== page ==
The development of a melt-extruded shellac carrier for the targeted delivery of probiotics to the colon.
Gately, Noel M.
Kennedy, James E.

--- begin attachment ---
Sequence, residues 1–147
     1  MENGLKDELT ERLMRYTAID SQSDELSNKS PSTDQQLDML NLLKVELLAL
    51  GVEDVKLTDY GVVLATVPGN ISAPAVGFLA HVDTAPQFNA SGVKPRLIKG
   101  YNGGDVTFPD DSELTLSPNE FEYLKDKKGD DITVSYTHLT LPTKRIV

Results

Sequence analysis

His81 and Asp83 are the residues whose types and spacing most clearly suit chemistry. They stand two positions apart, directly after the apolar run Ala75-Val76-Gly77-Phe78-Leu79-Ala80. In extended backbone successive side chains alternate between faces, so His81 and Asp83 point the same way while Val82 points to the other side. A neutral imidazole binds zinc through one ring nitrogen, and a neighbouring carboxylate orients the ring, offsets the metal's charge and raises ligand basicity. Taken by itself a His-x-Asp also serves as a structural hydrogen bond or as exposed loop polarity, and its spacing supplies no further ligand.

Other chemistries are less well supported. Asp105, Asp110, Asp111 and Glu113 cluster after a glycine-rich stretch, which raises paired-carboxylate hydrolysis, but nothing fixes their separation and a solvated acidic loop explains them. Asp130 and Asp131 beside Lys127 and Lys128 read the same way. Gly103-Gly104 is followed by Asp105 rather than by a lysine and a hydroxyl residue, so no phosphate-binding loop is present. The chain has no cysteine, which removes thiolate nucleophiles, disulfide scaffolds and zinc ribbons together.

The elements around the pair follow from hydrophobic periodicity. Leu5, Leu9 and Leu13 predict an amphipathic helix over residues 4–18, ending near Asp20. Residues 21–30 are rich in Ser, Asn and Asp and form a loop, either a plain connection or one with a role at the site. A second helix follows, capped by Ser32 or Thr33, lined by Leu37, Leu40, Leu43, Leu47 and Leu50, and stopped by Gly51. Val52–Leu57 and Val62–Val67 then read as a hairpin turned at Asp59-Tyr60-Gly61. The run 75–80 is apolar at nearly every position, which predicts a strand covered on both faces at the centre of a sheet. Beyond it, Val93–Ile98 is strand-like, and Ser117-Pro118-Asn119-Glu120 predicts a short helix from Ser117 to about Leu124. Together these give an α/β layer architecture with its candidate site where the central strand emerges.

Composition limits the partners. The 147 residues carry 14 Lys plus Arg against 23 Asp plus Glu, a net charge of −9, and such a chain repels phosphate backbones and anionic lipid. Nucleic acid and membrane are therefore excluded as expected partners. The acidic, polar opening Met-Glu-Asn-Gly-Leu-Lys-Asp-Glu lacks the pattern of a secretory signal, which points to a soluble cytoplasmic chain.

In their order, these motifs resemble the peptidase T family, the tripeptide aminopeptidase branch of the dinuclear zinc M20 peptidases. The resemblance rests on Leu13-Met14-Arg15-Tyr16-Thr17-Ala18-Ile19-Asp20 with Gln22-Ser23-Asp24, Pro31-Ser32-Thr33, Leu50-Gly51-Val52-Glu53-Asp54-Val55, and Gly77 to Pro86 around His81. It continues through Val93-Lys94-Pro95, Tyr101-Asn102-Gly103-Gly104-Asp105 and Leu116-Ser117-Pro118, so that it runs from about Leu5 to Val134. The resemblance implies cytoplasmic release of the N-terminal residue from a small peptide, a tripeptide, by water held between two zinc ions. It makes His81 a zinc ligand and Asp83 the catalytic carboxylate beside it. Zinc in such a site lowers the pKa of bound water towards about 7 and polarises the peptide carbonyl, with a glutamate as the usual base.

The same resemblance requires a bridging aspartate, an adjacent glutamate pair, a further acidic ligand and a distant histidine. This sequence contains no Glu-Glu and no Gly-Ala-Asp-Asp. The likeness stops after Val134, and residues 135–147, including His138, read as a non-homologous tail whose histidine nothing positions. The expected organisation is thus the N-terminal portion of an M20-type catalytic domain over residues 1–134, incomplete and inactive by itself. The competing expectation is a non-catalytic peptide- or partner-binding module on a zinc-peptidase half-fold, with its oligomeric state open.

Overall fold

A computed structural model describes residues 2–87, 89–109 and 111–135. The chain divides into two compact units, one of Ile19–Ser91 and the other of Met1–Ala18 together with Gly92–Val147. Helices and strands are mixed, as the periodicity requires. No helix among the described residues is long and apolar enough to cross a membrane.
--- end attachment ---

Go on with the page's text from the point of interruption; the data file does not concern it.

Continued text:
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Hot melt extrusion (HME) is considered an efficient technique in developing solid molecular dispersions, and has been demonstrated to provide sustained, modified and targeted drug delivery resulting in improved bioavailability. However, most commercial enteric or pH-responsive polymers are relatively difficult to process or have high Glass Transition Temperature (Tg) values, making their use with temperature-sensitive drugs, probiotics or biologics not viable. Shellac is a natural thermoplastic, and after a review of current literature on the pharmaceutical HME process, a possible gap in the knowledge of the use of shellac to produce dosage forms by means of HME was identified. This work explores the possibility of SSB® 55 pharmaceutical-grade shellac as a melt-extrudable encapsulation polymer to entrap freeze-dried probiotic powder and to determine bacterial cell viability post-processing. Well-defined strands were produced from the physical mixture of shellac and Biocare® Bifidobacterium Probiotic. FTIR clarified that there are no significant interactions between the probiotic and polymer. All of the samples demonstrated less than 5% degradation over 24 h at pH of both 1.2 and 6.8. At pH 7.4, both loaded samples gave a similar dissolution trend with complete degradation achieved after 10–11 h. Following five-month storage, 57.8% reduction in viability was observed.
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